Slushy Tuesday morning commute appears likely for Vancouver Island: Environment Canada

Slushy Tuesday morning commute appears likely for Vancouver Island: Environment Canada
Traffic was at times at a standstill as winter weather walloped the Malahat Tuesday, Nov. 29, 2022.

After a week of challenging winter weather on parts of Vancouver Island, especially for drivers who were caught unprepared, Environment Canada says more appears to be on the way.

A mix of “patchy freezing drizzle” and the potential for up to four centimetres of snow will impact drivers on their Tuesday morning commute, the weather agency said in special weather statements issued for Greater Victoria, the Southern Gulf Islands, the Malahat Highway and eastern and inland Vancouver Island.

On the east coast of the Island, the statement is in effect specifically for Courtenay to Campbell River, Duncan to Nanaimo and Nanoose Bay to Fanny Bay, while Lake Cowichan, Port Alberni and Duncan will also be affected.

“The recent cold weather has primed the south coast for low-elevation snowfall,” Environment Canada said. “A low-pressure system will spin up over Vancouver Island producing periods of light snow and a risk of freezing drizzle beginning early Tuesday morning.”

Temperatures will rise above freezing Tuesday afternoon, causing light snow to turn into light rain, though areas near Campbell River will likely continue to see the white stuff.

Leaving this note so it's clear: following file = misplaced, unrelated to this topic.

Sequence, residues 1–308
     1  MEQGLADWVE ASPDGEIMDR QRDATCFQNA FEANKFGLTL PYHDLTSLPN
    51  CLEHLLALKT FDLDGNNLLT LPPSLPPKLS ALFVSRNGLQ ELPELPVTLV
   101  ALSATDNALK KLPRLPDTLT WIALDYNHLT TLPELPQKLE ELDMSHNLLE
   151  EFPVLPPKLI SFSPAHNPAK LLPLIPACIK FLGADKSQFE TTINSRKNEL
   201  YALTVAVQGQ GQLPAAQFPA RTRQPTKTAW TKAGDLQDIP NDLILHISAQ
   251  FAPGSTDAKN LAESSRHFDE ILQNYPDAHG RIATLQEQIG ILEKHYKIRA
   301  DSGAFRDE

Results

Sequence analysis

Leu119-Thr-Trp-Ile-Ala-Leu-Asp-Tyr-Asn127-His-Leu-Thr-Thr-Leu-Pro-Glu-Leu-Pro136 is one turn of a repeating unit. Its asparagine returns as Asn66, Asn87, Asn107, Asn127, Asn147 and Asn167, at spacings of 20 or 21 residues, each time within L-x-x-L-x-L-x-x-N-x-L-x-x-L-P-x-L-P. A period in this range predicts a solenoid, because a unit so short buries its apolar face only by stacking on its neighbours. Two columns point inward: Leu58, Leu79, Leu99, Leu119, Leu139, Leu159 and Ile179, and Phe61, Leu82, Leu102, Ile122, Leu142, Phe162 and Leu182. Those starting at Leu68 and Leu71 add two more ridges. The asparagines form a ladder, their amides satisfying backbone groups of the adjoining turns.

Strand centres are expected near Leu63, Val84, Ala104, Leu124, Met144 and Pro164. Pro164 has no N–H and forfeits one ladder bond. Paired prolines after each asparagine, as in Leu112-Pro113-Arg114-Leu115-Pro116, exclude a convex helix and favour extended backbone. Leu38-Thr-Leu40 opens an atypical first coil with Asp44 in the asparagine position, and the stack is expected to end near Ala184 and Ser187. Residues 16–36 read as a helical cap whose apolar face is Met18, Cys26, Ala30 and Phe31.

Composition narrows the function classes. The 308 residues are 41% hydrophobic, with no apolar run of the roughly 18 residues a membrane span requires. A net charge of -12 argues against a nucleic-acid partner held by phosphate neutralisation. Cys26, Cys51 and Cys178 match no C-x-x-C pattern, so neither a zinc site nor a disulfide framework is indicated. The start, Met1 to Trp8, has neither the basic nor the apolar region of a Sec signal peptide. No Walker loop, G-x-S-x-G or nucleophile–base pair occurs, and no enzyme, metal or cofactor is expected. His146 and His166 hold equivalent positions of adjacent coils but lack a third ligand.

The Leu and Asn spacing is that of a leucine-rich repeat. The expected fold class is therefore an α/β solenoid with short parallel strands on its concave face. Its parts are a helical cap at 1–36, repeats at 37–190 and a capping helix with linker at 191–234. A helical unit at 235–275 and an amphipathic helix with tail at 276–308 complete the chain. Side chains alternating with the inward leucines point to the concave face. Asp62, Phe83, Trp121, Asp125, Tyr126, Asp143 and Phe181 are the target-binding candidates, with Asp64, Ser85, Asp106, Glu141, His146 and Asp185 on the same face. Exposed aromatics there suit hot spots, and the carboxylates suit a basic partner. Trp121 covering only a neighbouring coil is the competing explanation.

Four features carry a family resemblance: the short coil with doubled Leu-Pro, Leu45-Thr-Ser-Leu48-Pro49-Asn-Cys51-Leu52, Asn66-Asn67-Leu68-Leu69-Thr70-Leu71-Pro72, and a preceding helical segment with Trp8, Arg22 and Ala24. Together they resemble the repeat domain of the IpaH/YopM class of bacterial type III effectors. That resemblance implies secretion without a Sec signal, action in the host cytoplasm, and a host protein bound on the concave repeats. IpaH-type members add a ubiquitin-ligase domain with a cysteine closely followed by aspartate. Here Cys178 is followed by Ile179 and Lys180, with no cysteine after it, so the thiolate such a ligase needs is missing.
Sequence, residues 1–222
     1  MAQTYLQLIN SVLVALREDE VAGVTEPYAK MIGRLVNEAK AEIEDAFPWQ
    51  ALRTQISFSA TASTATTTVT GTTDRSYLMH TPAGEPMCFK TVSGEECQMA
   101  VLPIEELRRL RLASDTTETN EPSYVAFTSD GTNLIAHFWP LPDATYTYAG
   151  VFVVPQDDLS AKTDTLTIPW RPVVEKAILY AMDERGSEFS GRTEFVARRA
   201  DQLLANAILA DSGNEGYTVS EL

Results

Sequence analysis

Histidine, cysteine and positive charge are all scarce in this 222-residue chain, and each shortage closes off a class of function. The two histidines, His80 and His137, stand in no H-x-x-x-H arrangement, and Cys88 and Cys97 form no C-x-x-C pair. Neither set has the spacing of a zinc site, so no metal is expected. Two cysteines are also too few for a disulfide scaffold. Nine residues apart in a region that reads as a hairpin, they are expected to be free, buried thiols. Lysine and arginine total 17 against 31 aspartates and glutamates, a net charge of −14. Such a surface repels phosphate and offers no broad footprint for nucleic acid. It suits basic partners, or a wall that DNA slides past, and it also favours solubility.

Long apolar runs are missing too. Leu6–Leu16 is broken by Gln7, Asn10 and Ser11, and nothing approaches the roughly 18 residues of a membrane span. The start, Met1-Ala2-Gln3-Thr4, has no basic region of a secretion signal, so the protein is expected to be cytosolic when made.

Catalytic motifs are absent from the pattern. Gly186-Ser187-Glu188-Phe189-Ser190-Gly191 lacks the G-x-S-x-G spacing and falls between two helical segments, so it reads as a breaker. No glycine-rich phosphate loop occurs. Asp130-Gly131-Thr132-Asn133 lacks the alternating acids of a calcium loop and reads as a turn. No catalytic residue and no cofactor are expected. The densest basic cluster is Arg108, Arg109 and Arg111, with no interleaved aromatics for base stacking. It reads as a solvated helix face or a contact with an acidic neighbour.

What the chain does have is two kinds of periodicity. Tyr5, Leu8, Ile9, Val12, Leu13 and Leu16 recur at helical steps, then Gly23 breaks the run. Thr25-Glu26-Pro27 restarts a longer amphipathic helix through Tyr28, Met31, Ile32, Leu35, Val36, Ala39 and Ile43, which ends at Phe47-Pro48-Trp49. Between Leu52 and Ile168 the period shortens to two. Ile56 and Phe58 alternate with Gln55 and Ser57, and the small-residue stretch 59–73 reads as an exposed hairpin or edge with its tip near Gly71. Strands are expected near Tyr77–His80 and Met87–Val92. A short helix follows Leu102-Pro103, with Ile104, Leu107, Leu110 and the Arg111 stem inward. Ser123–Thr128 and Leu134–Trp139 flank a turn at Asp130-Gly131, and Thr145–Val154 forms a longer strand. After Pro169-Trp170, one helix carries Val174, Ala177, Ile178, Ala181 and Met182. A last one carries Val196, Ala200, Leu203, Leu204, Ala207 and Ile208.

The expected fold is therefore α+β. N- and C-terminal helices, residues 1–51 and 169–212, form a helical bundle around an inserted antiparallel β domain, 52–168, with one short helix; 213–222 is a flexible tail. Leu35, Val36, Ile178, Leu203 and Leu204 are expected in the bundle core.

The freezing drizzle should be enough to give some drivers pause before attempting to head over the Malahat.

READ MORE: Stalls, crashes and lack of winter tires make snow-slicked Malahat a ‘parking lot’

Last week, workers for highway maintenance contractor Emcon Services Inc. said tow-truck operators were tasked with removing a number of vehicles that were abandoned during Tuesday’s snowstorm.

The “majority” of vehicles removed did not have the proper winter tires, an operations manager told CHEK News.

Winter tires or all-season mud and snow tires with a minimum tread depth of 3.5 millimetres are required for all drivers on the Malahat from Oct. 1 to March 31, and those not meeting the requirement face a $121 fine if caught.

“Weather in the mountains can change suddenly resulting in hazardous driving conditions,” said Environment Canada.

Jeff LawrenceJeff Lawrence

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